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Friday’s Headlines Are Kicked to the Curb

Author Henry Grabar makes a comprehensive case for parking reform, including smart curbside pricing to keep workers from parking on the street all day.

12:01 AM EST on February 2, 2024

  • Cities that properly price curbside parking and get rid of minimum parking mandates will see a major impact on traffic congestion, housing costs, flooding and climate change, writes author Henry Grabar. (Yale Environment 360)
  • Autoblog debunks the Stellantis CEO's claim that electric vehicles' quick acceleration is actually a safety feature. On top of that, EVs are so heavy that they can easily crash through highway guardrails (Associated Press).
  • In a similar vein, Transport & Environment dismantled The Economist's argument that the car-centric design of American cities makes them more accessible than Europe's.
  • Electric bus manufacturers are struggling to keep up with demand fueled by federal infrastructure funding. (GreenBiz)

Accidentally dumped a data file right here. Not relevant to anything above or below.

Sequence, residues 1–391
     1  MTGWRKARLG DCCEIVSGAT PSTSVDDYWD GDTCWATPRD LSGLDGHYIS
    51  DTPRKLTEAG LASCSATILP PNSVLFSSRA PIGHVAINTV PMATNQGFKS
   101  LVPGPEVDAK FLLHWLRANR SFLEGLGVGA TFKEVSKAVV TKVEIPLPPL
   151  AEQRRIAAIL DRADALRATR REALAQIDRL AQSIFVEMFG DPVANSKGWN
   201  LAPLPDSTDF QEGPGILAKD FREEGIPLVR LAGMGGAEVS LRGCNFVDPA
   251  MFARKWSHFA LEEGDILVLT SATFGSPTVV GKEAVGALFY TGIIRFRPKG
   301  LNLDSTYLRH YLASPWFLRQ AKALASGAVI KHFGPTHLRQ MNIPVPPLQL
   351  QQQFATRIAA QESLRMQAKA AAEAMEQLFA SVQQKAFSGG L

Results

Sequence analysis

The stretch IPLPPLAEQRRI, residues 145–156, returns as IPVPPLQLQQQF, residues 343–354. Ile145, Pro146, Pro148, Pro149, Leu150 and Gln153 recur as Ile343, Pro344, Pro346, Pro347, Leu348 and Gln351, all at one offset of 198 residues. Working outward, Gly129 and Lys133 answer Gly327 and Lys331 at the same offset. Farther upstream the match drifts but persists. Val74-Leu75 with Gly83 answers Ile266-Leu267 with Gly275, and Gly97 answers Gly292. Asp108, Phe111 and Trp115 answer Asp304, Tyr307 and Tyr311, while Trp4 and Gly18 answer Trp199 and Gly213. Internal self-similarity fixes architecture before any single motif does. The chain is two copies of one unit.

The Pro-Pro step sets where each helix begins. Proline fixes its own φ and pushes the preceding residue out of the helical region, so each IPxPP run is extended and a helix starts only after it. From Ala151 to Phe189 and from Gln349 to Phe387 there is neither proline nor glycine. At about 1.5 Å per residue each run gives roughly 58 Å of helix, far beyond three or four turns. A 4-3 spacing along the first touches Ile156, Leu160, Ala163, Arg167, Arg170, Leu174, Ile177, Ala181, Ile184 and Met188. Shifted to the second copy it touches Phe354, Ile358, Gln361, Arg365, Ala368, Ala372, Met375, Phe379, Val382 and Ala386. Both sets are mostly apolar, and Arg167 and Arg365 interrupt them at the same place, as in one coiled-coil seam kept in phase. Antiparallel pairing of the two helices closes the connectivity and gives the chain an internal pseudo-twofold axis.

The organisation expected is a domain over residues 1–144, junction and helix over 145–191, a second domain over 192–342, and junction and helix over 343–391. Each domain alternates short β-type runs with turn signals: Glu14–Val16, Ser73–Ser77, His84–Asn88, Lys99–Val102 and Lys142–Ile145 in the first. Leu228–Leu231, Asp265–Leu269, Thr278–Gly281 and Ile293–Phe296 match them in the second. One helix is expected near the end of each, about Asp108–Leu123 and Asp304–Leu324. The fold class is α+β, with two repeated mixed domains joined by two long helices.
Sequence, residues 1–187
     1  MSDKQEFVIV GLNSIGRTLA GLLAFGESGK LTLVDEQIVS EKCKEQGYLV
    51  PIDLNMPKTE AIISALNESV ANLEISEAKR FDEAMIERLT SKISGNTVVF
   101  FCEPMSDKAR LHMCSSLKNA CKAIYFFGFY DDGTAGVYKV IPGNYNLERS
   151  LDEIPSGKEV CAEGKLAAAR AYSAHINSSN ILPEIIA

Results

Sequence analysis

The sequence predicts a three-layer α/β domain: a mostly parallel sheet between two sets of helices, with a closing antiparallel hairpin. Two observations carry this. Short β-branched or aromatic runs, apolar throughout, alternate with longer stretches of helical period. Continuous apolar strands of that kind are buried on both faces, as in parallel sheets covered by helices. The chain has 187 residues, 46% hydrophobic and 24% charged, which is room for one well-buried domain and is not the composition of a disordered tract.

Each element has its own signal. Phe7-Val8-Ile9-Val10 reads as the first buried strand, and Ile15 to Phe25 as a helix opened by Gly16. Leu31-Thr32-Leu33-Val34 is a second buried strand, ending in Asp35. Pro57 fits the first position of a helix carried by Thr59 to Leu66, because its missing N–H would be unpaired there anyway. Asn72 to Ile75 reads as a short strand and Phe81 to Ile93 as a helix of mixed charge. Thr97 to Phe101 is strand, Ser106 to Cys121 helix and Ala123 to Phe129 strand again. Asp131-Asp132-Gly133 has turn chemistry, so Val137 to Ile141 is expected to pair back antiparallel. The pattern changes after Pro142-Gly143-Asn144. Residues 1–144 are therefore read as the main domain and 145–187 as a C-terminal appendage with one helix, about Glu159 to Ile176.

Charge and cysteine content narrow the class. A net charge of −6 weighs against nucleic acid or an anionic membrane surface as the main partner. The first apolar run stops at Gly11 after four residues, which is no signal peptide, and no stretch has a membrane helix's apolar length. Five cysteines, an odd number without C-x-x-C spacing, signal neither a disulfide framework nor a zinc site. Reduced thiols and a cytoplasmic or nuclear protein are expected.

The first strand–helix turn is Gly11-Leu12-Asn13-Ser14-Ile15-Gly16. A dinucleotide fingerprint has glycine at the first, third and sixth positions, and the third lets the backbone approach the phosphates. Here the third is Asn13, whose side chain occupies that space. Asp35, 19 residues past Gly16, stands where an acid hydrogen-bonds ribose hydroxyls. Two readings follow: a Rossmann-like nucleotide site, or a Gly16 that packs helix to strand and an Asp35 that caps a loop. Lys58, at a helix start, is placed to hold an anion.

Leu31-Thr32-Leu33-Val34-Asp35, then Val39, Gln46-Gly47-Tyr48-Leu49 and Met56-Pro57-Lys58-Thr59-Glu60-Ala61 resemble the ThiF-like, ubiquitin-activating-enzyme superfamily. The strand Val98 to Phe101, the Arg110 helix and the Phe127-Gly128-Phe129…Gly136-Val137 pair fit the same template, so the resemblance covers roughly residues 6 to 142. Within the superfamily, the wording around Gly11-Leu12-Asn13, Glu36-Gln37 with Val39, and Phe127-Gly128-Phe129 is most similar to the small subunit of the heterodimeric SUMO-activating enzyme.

• Better street drainage would reduce the need for environmentally harmful winter salt applications on roads and sidewalks. (Minnesota Public Radio)
  • New Jersey transit riders are not buying Gov. Phil Murphy's explanation that recent reliability improvements justify a fare hike. (New York Times)
  • Hoboken just completed its seventh year without a traffic death. (CBS News)
  • Iowa legislators are trying to ban automated enforcement cameras by pairing that measure with a ban on handheld cell phone use in the same bill. (KCRG)
  • Michigan lawmakers have formed the first-ever transit caucus to push for regional transit around Detroit. (Bridge Detroit). One of its members is Mallory McMorrow, a nationally known state senator (Free Press)
  • Milwaukee is planning almost 50 bike and traffic-calming projects in 2024. (Journal-Sentinel)
  • New York state is turning a suburban mall near Buffalo into a transit-oriented downtown. (CNU Public Square)
  • Cincinnati Mayor Aftab Pureval unveiled a plan to allow denser housing near transit and relax parking requirements for new developments. (WVXU, WCPO)
  • Louisville is making changes to improve reliability on its four most popular bus routes. (WLKY)
  • Has Seattle's Sound Transit just given up on reliable bus service? (The Stranger)
  • The former CEO of much-loathed Ticketmaster is leading the NIMBY charge against a new Los Angeles Metro line. (Hollywood Reporter)
  • If you order a Lyft in Philadelphia, Jesus really might take the wheel. (Fox 29)

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